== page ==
I’m sorry that so much time has passed since I’ve last written. Life has been…well, kind of insane. Ever since we left the farm, Belinda and I have been on the move. We’d stop in some nameless town and find a place to pitch our tent – sometimes in a patch of woods, or an open field, or even on the cracked asphalt of a parking lot behind some abandoned warehouse. Then we would try to make some money. Once in a while, we found temporary work washing dishes or doing odd jobs in exchange for a hot meal or a few dollars. But mostly, we ended up panhandling in parks and on street corners. I only know how to play a few songs on my guitar, but I strummed these over and over until my fingers were sore, as strangers paused to drop a few cents in our can.
Sometimes, people began to look at us funny, or ask too many questions. “Shouldn’t you girls be in school?” That’s when we knew it was time to move on. We’d pack up our gear and walk, or take a bus, or hitch a ride to the next town. At first, it was exciting, venturing into the unknown like characters in one of the shallow paperback novels Belinda sometimes buys for a dime at a secondhand store. But after a couple of years without a place to call home, it grew old. On some cold nights, when the wind howled and shook our tent, and my stomach growled with hunger, I actually missed the farm, where food was plentiful, and my warm, soft bed waited each night. But I knew that there was no going back.
Then our luck changed. Late one night, a truck driver dropped us off on the outskirts of some town. (Actually, I made him stop, because he was getting a little too comfortable with Belinda, if you catch my drift. We constantly have to be on guard in case we encounter idiots like that on the road). It was November, and there was a frosty bite in the air. We set off in search of shelter, or at least a good place to set up camp, when we came across an odd little trailer. Belinda said it reminded her of the story of Hansel and Gretel, which I had never heard.
“Maybe someone inside can tell us where to go for shelter or work,” I said. Belinda, still muttering about witches, waited outside while I went in. A very old woman sat inside, wrapped in shawls, her hands resting in her lap.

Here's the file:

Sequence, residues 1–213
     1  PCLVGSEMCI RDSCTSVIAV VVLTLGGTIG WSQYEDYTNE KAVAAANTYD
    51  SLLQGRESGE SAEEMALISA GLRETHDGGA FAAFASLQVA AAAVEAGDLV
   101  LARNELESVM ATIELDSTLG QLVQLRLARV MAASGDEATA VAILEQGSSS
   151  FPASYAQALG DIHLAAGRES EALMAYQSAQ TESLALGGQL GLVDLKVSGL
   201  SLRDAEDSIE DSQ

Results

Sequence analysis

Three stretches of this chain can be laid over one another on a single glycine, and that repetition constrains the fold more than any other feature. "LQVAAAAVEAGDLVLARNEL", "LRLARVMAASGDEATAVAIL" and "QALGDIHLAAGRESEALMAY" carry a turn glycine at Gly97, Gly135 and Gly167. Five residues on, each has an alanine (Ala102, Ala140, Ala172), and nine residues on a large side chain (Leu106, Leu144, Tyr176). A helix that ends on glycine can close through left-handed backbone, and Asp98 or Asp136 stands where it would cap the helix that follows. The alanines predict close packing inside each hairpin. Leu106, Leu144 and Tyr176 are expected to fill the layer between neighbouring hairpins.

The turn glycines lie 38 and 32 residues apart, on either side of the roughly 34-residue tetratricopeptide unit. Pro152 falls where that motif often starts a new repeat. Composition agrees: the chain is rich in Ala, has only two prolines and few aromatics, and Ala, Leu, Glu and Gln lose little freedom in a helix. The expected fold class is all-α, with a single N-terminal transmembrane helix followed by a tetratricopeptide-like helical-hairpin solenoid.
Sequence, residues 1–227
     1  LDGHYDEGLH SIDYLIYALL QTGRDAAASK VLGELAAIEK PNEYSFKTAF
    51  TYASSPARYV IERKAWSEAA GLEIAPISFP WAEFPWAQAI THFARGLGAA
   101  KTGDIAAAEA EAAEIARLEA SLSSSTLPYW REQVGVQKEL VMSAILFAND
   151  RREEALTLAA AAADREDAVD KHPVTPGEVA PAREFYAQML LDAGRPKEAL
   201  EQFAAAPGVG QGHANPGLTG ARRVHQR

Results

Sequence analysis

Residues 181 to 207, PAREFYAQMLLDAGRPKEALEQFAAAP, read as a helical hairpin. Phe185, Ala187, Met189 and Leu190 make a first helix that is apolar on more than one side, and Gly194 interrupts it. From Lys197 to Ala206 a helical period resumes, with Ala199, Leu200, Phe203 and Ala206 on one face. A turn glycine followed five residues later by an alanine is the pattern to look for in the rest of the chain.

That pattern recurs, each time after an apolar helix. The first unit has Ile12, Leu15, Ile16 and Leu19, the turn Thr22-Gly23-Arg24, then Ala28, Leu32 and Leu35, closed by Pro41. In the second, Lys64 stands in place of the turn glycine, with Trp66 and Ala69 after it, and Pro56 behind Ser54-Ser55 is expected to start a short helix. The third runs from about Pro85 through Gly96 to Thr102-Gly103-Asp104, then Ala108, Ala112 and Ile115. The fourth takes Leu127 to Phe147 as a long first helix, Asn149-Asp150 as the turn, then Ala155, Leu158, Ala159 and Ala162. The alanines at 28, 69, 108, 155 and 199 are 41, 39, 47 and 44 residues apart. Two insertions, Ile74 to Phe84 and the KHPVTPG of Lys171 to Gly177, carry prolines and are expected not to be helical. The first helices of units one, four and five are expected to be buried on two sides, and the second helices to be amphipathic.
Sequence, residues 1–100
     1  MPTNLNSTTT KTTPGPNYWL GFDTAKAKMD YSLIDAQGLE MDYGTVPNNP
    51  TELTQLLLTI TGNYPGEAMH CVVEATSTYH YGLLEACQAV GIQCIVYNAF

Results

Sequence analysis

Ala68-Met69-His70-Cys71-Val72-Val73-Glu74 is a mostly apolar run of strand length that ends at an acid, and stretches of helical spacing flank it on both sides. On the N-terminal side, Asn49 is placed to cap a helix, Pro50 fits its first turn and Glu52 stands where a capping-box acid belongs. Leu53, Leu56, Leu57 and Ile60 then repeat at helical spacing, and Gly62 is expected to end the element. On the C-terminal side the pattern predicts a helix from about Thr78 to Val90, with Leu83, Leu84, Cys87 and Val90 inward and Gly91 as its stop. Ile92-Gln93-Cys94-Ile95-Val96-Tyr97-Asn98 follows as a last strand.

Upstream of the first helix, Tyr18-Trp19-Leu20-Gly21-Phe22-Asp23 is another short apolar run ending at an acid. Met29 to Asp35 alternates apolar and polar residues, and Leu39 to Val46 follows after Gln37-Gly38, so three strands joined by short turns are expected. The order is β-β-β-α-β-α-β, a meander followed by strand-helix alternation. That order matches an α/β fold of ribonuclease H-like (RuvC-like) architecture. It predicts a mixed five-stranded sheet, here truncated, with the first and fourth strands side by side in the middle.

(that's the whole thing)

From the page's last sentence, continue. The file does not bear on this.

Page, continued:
Before I could speak, she held up a hand to stop me. Then she picked up a pen and notepad and began to write. She tore off the note, folded it, and placed it in my hand before pointing toward the door. Confused, I exited the trailer, and the door slammed shut behind me.
“What happened?” asked Belinda.
“I don’t know,” I said. I stared for a moment at the note in my fingers, then unfolded it to read the message. It said:
632 Silvermoon Lane
You will return tomorrow, Girl from the Savanna.
A shiver ran through me which had nothing to do with the cold. How did the woman know that I was from a place in the savanna? I turned around and tried the trailer door, but it would not open.
“What did the note say?” asked Belinda.
I swallowed. “I think she told us of a place where we can stay.” With that, we followed the highway toward the main part of town, and traveled up and down each road, until at last we came to one called Silvermoon Lane. And there we found the address the old woman had scrawled on the note. It was a very large old house, which appeared to be abandoned. The front door screeched as we swung it open, and something flew past our heads and out into the night.
“What if it’s haunted?” asked Belinda, clutching my arm.
I laughed. “Well, then the ghosts can keep us company.” I flicked on my flashlight and motioned for Belinda to follow me inside. It was soon apparent that no one had lived in the house for a very long time. Dust and cobwebs coated every surface. The floor creaked and groaned with our every step, as though no longer used to holding up the weight of people. We didn’t find any evidence of ghosts. But we did find a box of candles and a stack of kindling. Soon, we had a cozy fire to sleep near.
The next morning, we explored the rest of the old house. We also discovered a neglected vegetable garden out back, which still boasted a few wild crops. Apples! Pumpkins! Even a few handfuls of beans. It was not much, but when you haven’t eaten in two days, any food seems like a miracle.
Did I return to the trailer to visit with the old woman? Well yes, I did. And you will never believe what happened. But I will save that story for another letter. I promise to write again soon.